This series Parent Caregivers 12 Step Program is adapting the “Twelve Steps of Alcoholics Anonymous” to caregiving. In last week’s post we discussed the difficulty of caregiving as a parent of a special needs child. It was this desperate need for support that lead me to reading Self-Care for Caregivers: A Twelve Step Approach.
Last week’s article was about admitting we were powerless over the people we are taking care of. This week we discuss a Power greater than us. The authors of the book suggest using a journal to write down your thoughts, feelings, and observations as you move through the steps. This is the second of a series of posts all related to the 12 steps. Step 1 of the 12 Steps: Feeling Powerless.
Power greater than ourselves
“Came to believe that a Power greater than ourselves could restore us to sanity.”
The idea that there is a Power greater than ourselves can be a controversial topic. I mean, let’s be honest. I have friends with children with special needs, some of them have rejected God or any other higher Power as a direct result of having their child be born with special needs.
There is also the controversy around whether there is one God, many Gods, or no God at all. Perhaps you believe there is an all knowing Spirit or you believe the earth is Mother Earth. This step is not meant to define what a Power greater than ourselves is for anyone. However, considering that it may exist can lead us on a path to trusting in a power beyond us, or something we can turn to to help us find hope when times are hard.
If the entire notion of a God is too much for you to deal with in your current stage of life or caregiving, you can consider another source of power like a support group or nature. Whatever it is that you can look to or go to in times of need. It is the Power greater than us that has become the largest source of healing for millions of people that used the original 12-Steps to get sober.
I was raised Catholic. Let’s face it, we haven’t exactly been hitting it out of the park. All of the news on some of the un-priestly like behavior of our highest religious leaders doesn’t exactly leave someone on the firmest of footing when they are trying to trust in and find hope in a power that is greater.
I needed to redefine for myself what spirituality meant. Was I a Catholic? Was I Christian? What did I believe? Who did I believe? While raising four children, one with autism, it wasn’t exactly the best time to be going through a spiritual journey; so it was imperative for me to find a higher being to trust in. I personally needed unwavering faith in something or someone.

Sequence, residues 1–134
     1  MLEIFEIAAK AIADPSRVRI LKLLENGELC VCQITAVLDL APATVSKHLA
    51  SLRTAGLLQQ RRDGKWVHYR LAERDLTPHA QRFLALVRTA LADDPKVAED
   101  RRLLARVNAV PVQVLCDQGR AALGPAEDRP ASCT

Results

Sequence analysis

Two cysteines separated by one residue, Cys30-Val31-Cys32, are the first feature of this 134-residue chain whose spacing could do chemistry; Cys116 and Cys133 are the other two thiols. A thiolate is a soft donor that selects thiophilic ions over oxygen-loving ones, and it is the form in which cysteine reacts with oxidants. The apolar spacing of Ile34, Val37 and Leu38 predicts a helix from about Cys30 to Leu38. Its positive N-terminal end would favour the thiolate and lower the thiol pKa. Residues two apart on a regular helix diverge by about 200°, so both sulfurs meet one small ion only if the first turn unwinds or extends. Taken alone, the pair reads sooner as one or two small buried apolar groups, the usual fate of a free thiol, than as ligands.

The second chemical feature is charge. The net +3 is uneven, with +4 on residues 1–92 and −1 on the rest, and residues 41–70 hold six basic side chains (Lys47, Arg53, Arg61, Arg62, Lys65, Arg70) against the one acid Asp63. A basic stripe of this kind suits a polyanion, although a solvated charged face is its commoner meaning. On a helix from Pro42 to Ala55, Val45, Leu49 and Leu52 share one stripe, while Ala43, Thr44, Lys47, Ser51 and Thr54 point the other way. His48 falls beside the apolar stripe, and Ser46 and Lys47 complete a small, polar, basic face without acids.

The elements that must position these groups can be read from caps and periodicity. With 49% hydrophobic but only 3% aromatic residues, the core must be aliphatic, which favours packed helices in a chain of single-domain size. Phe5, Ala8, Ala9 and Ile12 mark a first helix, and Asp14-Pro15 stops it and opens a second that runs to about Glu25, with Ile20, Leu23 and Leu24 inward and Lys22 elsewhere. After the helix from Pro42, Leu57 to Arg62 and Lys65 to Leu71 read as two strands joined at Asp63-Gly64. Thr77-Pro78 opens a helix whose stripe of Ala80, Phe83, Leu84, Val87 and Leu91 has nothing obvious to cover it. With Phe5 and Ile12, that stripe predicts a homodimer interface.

My crisis of faith ended up being a very difficult, rewarding, and humbling journey. In the end, my spirituality has never been stronger. It wasn’t just my spirituality that solidified as part of this journey, however, as I said I needed to have unwavering faith in something or someone.
One thing I didn’t expect to learn was that I needed to have faith in myself. I had to have faith that I could be a caregiver for my children and my daughter. I needed to be able to feel comfortable with being uncertain and vulnerable. I needed to be more comfortable trusting myself and my choices.
There isn’t a single exercise or one moment or five minutes you spend reading a blog that will necessarily change a crisis of faith. However, you can begin the journey of finding your higher power. The first step in doing that is to define what a higher power is to you and how you need it in your life to help you in your parenting journey.
Define your higher power.
If you are seeking to know your higher power, you need to take some time to define what that means to you. Consider writing about what your higher power looks like, smells like, feels like, and sounds like. What characteristics makes it a higher power? What do you need from the higher power?
If you take some time to dig into what you need, you might find the answers. You also might find a need that you didn’t realize you had. If you find your higher power is part of an organized religion with a house of worship – consider attending to gain strength. If your higher power is a support group, begin to attend with the intention of getting the help you need.
What do you think of this step?
Did it bring up good or bad feelings for you?
What did you define as your higher power?
Source: Loosely Adapted from “Self-Care for Caregivers: A Twelve Step Approach” by Pat Samples, Diane Larsen, Marvin Larsen
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